WADE Unfortunately you become used to being one of a few if not the only one. When I got here there were a number of black assistants at the company, but what I quickly realized was no one would stay or no one wanted to pursue being an agent. In general, agencies can be training grounds for people to go to different parts of business.
HOLLAND There are hundreds of assistants starting a year. Very, very few will become agents regardless of gender or race. A lot of people come in, start at bottom, and very few will ever get promoted. People have to realize if they really want to see more people of color, you have to overinvest at the bottom and have lots of choices for the statistical odds to be on your side.
LAWRENCE With colleagues that are older, that came from a different era, you have to massage and make people understand the nuances that they may have missed. What people sometimes fail to realize is their kids are digesting material that I think years ago people deemed urban, whereas now it’s just culture. Drake is in every kid’s earphones.
FITZGERALD Most businesses are like this on a scale, even though a lot are trying to change. I think that’s what is so exciting about what’s been happening over the last few years.The Might of Mentoring
BARTLETT One of the things we’ve talked about is really trying to create a pipeline, a sort of mentorship program to help retain people as they’re moving up the ladder, whether they’re having financial challenges or saying, “Hey, I’m the only one, this is too isolating for me.” We only have 10 African-American agents here and that’s not enough.
NELSON MEIGS A lot of people come in and stay for a few years and then they’re gone. They don’t make it up the ranks because of financial reasons, and because there’s not the support. Real mentoring is not somebody saying, “I am your mentor.” It’s someone who is as invested in you and your success as they are their own, bringing you to meetings with executives and talent, someone who makes sure to tell you if what you’re doing is right or wrong and at the year-end review if you’re not up to snuff.
WADE I don’t think I had that. I had people I looked to, like Charles King [the first black man to make partner at WME, and now a producer]. Just him existing in the world meant it was possible for me to do that as well.
HOLLAND Charles King was a huge mentor for me when I was an assistant at C.A.A. and he was at William Morris. We’d have drinks, he’d give me advice. The same with Andrea [Nelson Meigs] and her husband. The Andrea Nelson Meigs and the Charles Kings of the world were representing black people when they weren’t popular, having to explain to people who Beyoncé and Tyler Perry were. I had informal mentorships like that with a lot of people.
LAWRENCE It’s a testament to the black community, their continued support. There were some very powerful people who would call my bosses and say, “Hey, why isn’t Brandon getting promoted?” I’m very thankful for the community support internally and externally. It props you up in so many ways.
HOLLAND I know all the black agents at C.A.A., ICM and U.T.A. We meet and encourage each other.
LAWRENCE C.A.A. didn’t typically recruit from [historically black colleges]. I asked why are we not going? Send me, don’t send someone who doesn’t look like me. Now C.A.A. sends me to HBCs, and we have alumni who are in the pipeline to getting promoted one day. There are luncheons with 65 black assistants at C.A.A., where we have executives of color. I didn’t have that coming up. That’s the impact that makes me stay here as long as I can.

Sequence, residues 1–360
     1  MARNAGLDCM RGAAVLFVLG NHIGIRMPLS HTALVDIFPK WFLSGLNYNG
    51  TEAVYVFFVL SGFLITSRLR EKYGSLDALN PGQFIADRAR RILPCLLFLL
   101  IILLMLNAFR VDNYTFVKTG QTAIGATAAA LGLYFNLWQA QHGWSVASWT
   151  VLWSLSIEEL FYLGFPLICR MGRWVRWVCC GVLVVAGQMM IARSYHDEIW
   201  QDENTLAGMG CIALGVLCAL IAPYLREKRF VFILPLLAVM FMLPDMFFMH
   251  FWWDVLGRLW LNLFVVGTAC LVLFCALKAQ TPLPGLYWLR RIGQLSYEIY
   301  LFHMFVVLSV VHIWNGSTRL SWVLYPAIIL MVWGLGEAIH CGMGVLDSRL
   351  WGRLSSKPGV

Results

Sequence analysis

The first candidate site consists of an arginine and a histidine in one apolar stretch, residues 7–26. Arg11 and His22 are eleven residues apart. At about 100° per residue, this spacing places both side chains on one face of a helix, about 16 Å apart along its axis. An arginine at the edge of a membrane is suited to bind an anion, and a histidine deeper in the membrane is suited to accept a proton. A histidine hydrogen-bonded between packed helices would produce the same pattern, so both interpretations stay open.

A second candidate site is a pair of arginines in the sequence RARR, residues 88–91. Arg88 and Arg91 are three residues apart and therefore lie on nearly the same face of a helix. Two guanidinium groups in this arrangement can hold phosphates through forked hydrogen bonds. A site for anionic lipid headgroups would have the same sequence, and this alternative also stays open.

HOLLAND When I step into a conference room, I’m aware that I’m 32, that I’m black and that I’m a woman — all [points] for potential discrimination. But today in 2019, it’s more of an asset to me than a deficit. At the end of the day I’m relating to clients and buyers on so many different levels. I’m speaking as an older millennial, a person of color, a graduate of a top university, all of these different ways for me to relate to other people.
WADE I’ve had different versions of the conversation where people say, “Are you going to be in the room? I want to make sure someone who looks like me is in the room.” I think we’ve come to a time where talent of color are finding their voice and understanding the potential importance or significance of having someone who looks like them on their team. In 2019 I think it would feel and look very strange to try to sign a woman and have a roomful of men. I think it’s equally important when you try to sign an artist of color and have a roomful of people that don’t necessarily share their experiences.
LAWRENCE I get to work with people like Will Packer, Misha Green, Jas Waters, Kenya Barris. These people who are creating dope content around the world. It’s life-changing for me, and my own outlook on my own life.
HOLLAND I feel very lucky that I came of age at the right place, right time. I feel very lucky that I represent artists who I think we should showcase. It’s something that’s trending. I think there’s never been a better time to be a black agent. The demand is higher than the supply.B:
本期必中_六给彩票香港【召】【麟】【有】【些】【生】【气】【又】【觉】【得】【这】【女】【人】【很】【有】【原】【则】，【他】【道】：“【都】【听】【你】【的】【安】【排】。“ 【很】【快】【召】【麟】【安】【排】【好】【了】【婚】【宴】，【多】【尔】【泰】【作】【为】【兰】【香】【的】【主】【子】【坐】【了】【上】【席】，【召】【麟】【举】【杯】【道】：“【多】【大】【人】【今】【天】【喜】【庆】【的】【日】【子】，【您】【可】【得】【多】【喝】【几】【杯】。“ “【嗯】，【我】【一】【定】【多】【喝】【几】【杯】。“【多】【尔】【泰】【答】【道】。 【贺】【成】【低】【着】【头】【一】【直】【喝】【着】【酒】，【他】【教】【兰】【香】【习】【武】【那】【些】【天】【与】【她】【有】【了】【些】【情】【愫】，【贺】【成】【抓】
【这】【本】【书】【用】【了】【十】【个】【月】【左】【右】【的】【时】【间】，【终】【于】【完】【结】【了】。 【没】【有】【不】【舍】，【只】【有】【遗】【憾】。 【开】【局】【很】【好】【的】【一】【本】【书】，【哪】【怕】【前】【面】【有】【许】【多】【人】【说】【节】【奏】【慢】，【以】【及】【提】【出】【种】【种】【问】【题】，【但】【是】【上】【架】【初】【的】【收】【订】【比】，【都】【证】【明】【这】【是】【一】【本】【还】【算】【成】【功】【的】【书】。 【到】【现】【在】，【这】【本】【书】【的】【高】【订】【已】【经】【破】【万】。 【只】【是】【上】【架】【之】【后】，【大】【胖】【确】【实】【没】【有】【把】【握】【好】【节】【奏】，【导】【致】【订】【阅】【越】【来】【越】【少】。
【黎】【欣】【只】【在】【医】【院】【住】【了】【一】【周】，【就】【出】【院】【了】。 【盛】【世】【长】【安】【在】【播】，【她】【的】【关】【注】【度】【变】【得】【很】【高】，【这】【次】【住】【院】【和】【出】【院】，【都】【是】【保】【密】【的】，【没】【让】【媒】【体】【和】【粉】【丝】【知】【道】，【所】【以】【就】【连】【出】【院】，【也】【是】【晚】【上】【才】【离】【开】。 【保】【姆】【车】【就】【停】【在】【住】【院】【部】【的】【楼】【下】，【她】【腿】【伤】【不】【方】【便】，【拄】【着】【一】【条】【拐】【杖】，【得】【让】【人】【扶】【着】【才】【能】【下】【楼】。 【电】【梯】【门】【缓】【缓】【关】【上】，【还】【没】【有】【完】【全】【合】【上】【的】【门】【缝】【里】，【黎】【欣】本期必中_六给彩票香港【又】【是】【一】【个】【早】【上】。 【不】【想】【起】…… 【被】【提】【拉】【传】【染】【了】。 【夏】【尔】【里】【克】【摸】【索】【着】，【找】【到】【了】【计】【时】【器】，【银】【白】【色】【的】【几】【行】【数】【字】【和】【参】【数】【表】【示】【现】【在】【仅】【仅】【是】【半】【夜】【四】【点】【钟】。 【所】【以】【为】【什】【么】【我】【会】【醒】【来】【呢】？ 【夏】【尔】【里】【克】【刚】【准】【备】【起】【来】【探】【查】【一】【下】，【结】【果】【就】【发】【现】【自】【己】【的】【一】【只】【手】【被】【西】【提】【尔】【拉】【住】【了】，【可】【以】【说】【是】【以】【环】【箍】【的】【方】【式】【直】【接】【铐】【上】【了】。 【不】【能】【起】【啊】……
【刘】【老】【鬼】【散】【发】【的】【气】【势】【压】【迫】，【一】【重】【高】【过】【一】【重】，【是】【想】【要】【兵】【不】【血】【刃】，【轻】【松】【拿】【下】【叶】【唐】。 【但】【对】【面】【那】【小】【子】，【似】【乎】【也】【只】【是】【略】【感】【压】【力】【而】【已】，【直】【过】【去】【了】【半】【晌】，【依】【然】【还】【坚】【挺】【不】【已】，【双】【拳】【紧】【握】【负】【于】【身】【后】，【没】【有】【动】【弹】【分】【毫】。 “【咳】，【我】【要】【不】【要】【出】” “【不】【用】！” 【另】【一】【名】【执】【事】【刚】【要】【开】【口】【询】【问】，【一】【同】【出】【手】，【但】【李】【老】【鬼】【想】【都】【没】【想】，
【一】【天】【之】【后】，【安】【格】【尔】【刚】【刚】【送】【走】【布】【隆】·【贾】【格】【尔】【派】【来】【的】【特】【使】【一】【行】【人】，【正】【准】【备】【回】【自】【己】【的】【卧】【室】【美】【美】【地】【补】【一】【个】【回】【笼】【觉】【的】【时】【候】。【从】【不】【远】【的】【地】【方】，【一】【个】【传】【信】【兵】【急】【匆】【匆】【地】【朝】【自】【己】【这】【边】【赶】【了】【过】【来】。 “【安】【格】【尔】【大】【人】，【不】【好】【了】，【这】【是】【从】【文】【森】【岛】【传】【来】【的】【紧】【急】【传】【信】！” 【看】【到】【这】【个】【浑】【身】【冒】【汗】【的】【传】【信】【兵】，【虽】【然】【此】【时】【的】【安】【格】【尔】【非】【常】【感】【激】【他】【的】【尽】【职】【尽】【责】。